I joke sometimes that I wish I could turn into my great grandmother with her big kitchen table at which she turned produce into preserves with such competence. EE Ottoman’s The Companion is really tapping into that desire. It’s also reminding me that Granny canned fruits and vegetables so that her family would have enough to eat, not because she thought it was fun.
Set in 1949, Madeline Slaughter is on her way to a small town in up-state New York, exhausted and demoralized from trying to make a career as a writer in New York City. A friend has arranged for her to be a companion to a reclusive mystery writer, Victor. It sounds a little bit like a set up for a gothic romance, but it is not. Victor is kind and gives Madeline space and time to recover. Out walking in the woods, Madeline meets Audrey, a woman like her. Madeline builds relationships with Victor and Audrey and as she grows more secure in her safety, the urge to write returns.
The process of going from an unsafe place to a safe place is it’s own kind of pain, and Ottoman allows Madeline to move through that pain with compassion. Victor and Audrey have both experienced it as well and give Madeline the grace she needs to go through it.
“I am good at being hurt and bad at being loved.”
The Companion is a gentle story. Madeline, Victor, and Audrey build a life where they are safe to be themselves. The world of the story is small, three characters, two houses and the field and forest next to them. The smallness is a bubble of safety for the three characters – all trans. Their lives though are vast and rich in imagination – all are artists. The details of the food that Madeline prepares and that she and Audrey preserve, the details of the texture of their clothing, the light, and the scents around them give a sense of sanctuary rather than restriction. As lyrical as The Companion is, Ottoman does not neglect the moments of humor.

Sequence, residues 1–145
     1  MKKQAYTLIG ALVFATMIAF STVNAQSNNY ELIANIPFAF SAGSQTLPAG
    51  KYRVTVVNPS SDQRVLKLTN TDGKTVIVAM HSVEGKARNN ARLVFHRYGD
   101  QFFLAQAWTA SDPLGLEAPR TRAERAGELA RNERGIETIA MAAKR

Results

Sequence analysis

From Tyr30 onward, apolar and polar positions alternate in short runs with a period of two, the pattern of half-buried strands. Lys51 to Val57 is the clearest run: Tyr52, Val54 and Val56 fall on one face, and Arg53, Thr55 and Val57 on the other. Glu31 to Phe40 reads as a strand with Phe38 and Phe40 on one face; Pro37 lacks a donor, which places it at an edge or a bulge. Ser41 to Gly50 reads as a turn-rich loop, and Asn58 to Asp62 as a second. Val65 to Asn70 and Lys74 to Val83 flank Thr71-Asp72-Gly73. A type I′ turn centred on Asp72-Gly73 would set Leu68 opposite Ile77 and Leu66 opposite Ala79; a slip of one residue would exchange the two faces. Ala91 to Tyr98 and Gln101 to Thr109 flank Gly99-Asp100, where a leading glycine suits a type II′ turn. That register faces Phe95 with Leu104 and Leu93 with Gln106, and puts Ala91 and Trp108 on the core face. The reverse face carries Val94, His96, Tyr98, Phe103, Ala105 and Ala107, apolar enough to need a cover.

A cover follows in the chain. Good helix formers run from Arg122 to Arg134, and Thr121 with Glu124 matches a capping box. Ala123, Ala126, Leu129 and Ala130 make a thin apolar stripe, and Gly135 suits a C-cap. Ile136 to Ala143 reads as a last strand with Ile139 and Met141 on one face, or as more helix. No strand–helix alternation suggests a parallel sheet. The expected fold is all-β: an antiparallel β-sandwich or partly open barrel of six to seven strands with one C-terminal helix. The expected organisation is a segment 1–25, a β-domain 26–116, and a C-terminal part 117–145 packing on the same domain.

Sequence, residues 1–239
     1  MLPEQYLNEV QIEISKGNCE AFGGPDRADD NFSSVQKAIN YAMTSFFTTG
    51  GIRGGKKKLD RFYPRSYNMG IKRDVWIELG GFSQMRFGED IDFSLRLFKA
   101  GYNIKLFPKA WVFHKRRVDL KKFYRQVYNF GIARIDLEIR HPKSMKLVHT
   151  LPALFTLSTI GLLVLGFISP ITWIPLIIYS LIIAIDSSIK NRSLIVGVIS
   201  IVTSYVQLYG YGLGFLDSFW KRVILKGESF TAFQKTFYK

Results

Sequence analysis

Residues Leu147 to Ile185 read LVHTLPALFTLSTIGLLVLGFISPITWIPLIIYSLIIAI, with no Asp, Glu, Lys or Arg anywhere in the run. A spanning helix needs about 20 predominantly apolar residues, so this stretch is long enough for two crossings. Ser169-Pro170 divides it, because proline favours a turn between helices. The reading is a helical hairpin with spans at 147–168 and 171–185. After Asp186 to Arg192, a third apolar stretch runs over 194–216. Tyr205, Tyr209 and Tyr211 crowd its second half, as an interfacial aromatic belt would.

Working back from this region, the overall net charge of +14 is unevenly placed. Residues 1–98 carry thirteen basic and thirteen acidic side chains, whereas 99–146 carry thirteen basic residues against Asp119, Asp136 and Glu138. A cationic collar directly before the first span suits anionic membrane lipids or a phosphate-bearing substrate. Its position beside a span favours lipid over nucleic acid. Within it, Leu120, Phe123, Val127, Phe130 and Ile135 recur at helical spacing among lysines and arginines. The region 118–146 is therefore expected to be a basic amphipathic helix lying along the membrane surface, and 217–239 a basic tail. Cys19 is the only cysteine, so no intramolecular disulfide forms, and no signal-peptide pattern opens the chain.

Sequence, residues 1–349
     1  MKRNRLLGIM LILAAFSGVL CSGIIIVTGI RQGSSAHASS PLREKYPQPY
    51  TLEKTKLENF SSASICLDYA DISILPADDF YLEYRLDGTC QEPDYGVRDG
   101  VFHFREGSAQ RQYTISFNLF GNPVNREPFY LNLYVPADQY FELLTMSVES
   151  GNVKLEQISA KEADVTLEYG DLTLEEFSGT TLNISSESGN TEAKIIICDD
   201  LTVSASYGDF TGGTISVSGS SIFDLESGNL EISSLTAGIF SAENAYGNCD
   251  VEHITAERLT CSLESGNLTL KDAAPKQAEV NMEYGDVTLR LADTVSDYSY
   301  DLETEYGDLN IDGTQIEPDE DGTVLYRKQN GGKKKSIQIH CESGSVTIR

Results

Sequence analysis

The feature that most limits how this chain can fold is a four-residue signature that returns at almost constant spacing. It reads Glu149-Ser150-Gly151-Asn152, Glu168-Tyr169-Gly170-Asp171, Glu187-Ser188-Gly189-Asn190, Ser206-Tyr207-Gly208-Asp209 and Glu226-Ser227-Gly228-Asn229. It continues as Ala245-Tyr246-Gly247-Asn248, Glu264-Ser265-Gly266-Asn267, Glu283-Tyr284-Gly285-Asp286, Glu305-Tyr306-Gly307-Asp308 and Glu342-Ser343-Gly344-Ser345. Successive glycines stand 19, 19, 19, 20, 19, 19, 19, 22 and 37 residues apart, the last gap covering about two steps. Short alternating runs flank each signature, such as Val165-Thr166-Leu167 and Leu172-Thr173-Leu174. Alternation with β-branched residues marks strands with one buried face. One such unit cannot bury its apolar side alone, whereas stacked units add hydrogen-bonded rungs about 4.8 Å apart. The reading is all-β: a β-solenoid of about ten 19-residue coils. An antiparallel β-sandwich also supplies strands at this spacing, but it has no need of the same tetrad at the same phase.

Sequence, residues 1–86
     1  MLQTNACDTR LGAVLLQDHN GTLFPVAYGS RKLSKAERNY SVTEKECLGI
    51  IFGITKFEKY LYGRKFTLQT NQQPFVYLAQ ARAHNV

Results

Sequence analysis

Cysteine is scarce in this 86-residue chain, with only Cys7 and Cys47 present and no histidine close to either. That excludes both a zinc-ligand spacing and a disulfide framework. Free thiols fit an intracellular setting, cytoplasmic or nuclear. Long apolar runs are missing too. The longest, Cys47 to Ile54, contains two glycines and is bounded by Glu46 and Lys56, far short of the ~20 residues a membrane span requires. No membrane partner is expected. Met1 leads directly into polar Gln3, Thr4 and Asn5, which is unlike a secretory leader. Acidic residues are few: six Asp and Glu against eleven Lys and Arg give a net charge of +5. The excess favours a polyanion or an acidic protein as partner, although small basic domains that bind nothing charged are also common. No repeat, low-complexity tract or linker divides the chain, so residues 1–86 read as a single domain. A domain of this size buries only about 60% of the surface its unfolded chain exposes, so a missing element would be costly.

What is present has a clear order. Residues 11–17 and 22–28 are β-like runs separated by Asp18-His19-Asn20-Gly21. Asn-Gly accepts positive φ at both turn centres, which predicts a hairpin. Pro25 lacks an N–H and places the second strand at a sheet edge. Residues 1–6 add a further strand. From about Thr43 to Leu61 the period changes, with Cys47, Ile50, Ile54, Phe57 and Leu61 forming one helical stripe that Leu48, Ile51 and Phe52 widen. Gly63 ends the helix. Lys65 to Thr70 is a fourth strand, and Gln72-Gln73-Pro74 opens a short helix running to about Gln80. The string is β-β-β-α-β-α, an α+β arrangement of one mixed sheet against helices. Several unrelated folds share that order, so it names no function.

I don’t usually comment on the cover of a book, but in this case, I have to say, the interior is as beautiful as the exterior.
I received this as an advance reader copy from the author in exchange for an honest review.